About Wayfindr


Wayfindr is a non-profit organisation, we are creating a benchmark in standards for digital wayfinding on mobile devices. We want to empower vision impaired people to overcome isolation, through audio based navigation.

Wayfindr Open Standard


Emerging indoor navigation technologies such as Bluetooth Low Energy (BLE) Beacons hold the key to opening up the world for vision impaired people. However, in order to achieve the greatest impact globally, there is a pressing need to develop a consistent standard to be implemented across wayfinding systems. This will truly open up a world where vision impaired people are no longer held back by their sight loss, removing barriers to employment, to seeing friends and family and engaging in their community.

The Wayfindr Open Standard aims to do just that. As the Open Standard develops it will give venue owners and digital navigation services the tools to implement high quality, consistent, audio wayfinding solutions. It includes an open-source demo app that enables people who download it to use BLE beacons to understand and implement the open standard with real users, in real contexts, in real time.

In May we released the first Working Draft, after trials in London and Sydney. We are now working on the next iteration of the Open Standard, which will involve more trials and input from the Wayfindr Community.

Explore the Open Standard

Eventually it won't just be the Underground, we could also use National Rail on our own as well. It could then be expanded to city level, to restaurants, to shops and that would be really revolutionary. That would change our lives I think. We wouldn't need any assistance to get anywhere. - Ruksana, RLSB Youth Forum Member

How we are building the Wayfindr Open Standard


Off the shelf technology

User-centred

Hypothesis driven

Iterative

Community led

Hypothesis Driven

We are building the Open Standard using a hypothesis backlog. This is a series of assumptions we make which we then test. For example:

“We believe that vision impaired people will need intermediate feedback between two waypoints that are far apart so that they feel confident they are following the right route.”

We plot these hypotheses from high risk to low risk, and known to unknown. We use this to prioritise what we will investigate in our live trials. We validate if these are true based on our observations and the user feedback during the research trials. If it is true then it becomes part of the draft open standard, if not then we rework it and it returns to the backlog.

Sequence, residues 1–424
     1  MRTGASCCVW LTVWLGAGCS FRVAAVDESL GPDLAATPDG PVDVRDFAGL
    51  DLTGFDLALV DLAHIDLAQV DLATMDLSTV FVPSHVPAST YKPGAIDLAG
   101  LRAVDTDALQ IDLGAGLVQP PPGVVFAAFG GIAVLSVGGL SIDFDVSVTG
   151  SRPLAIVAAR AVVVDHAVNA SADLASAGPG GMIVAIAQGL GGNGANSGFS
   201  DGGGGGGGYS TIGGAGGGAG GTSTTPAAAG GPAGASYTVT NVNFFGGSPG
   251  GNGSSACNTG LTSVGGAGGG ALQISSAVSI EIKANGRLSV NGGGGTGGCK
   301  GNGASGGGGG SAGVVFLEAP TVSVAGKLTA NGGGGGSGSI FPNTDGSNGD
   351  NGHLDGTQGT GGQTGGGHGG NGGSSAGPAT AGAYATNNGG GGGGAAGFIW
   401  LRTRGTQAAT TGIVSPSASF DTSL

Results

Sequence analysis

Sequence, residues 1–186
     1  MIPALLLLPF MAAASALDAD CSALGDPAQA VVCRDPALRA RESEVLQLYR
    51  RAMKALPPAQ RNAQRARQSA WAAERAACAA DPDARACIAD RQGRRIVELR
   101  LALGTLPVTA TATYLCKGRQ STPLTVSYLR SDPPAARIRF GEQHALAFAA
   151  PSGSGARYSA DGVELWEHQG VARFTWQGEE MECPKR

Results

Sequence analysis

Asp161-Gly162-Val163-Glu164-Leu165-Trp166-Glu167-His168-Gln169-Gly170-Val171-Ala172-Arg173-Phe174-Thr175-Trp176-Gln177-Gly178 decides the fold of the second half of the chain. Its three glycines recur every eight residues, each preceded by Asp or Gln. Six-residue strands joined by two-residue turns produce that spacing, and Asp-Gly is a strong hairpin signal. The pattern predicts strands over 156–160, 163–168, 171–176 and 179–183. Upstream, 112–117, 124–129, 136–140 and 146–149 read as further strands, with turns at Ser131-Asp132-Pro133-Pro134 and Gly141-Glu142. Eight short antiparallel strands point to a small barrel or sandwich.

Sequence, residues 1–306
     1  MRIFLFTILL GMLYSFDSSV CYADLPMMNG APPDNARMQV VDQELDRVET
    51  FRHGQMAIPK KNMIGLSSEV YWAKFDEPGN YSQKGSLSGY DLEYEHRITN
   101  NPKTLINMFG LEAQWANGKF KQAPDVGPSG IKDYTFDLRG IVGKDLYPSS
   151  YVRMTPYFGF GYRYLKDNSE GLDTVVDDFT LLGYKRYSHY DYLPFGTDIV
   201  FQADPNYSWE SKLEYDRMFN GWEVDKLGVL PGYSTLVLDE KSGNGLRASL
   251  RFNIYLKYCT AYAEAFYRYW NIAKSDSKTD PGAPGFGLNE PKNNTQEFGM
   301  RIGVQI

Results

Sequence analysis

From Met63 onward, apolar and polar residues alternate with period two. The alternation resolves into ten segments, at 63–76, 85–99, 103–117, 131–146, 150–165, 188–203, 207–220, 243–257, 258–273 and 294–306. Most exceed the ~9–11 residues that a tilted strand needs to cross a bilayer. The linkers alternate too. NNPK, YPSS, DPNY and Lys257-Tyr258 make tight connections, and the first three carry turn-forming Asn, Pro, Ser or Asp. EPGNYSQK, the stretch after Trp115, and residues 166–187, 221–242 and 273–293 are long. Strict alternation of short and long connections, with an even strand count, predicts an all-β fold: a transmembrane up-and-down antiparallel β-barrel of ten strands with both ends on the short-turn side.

• Real users
  • Real settings
  • Real time iteration

Florence Orban portrait photo

Florence Orban


Director at Wayfindr, Florence is also Director of Corporate Development at Royal London Society for Blind People (RLSB), she's had this role since 2011. Florence’s career started in the private sector in advertising, working on international accounts before moving to business development for internet services and online training. She created the National Skills Academy for Sport in 2008, backed by all employers in the sector.

Photograph of Tiernan Kenny

Tiernan Kenny


Tiernan is the Head of Public Affairs and Standard at Wayfindr. Before joining Wayfindr, Tiernan spent several years in Brussels working in public affairs, mainly on technology policy, including standards in the areas of cloud computing and cybersecurity. He has also worked on policy development for the UK’s largest business advocacy organisation.

Photograph of Rick Holland

Rick Holland


Rick Holland CFRE MInstF is Major Gift Fundraiser at Wayfindr. Throughout his career, Rick has developed and implemented multi-million fundraising programmes and capital appeals at a variety of organisations, raising significant gifts from individuals, foundations, and businesses. Rick advocates a strong "culture of philanthropy" and promotes impactful and transparent big-gift fundraising as he works with his clients to build strong relationships with supporters.

A joint venture between RSBC and ustwo.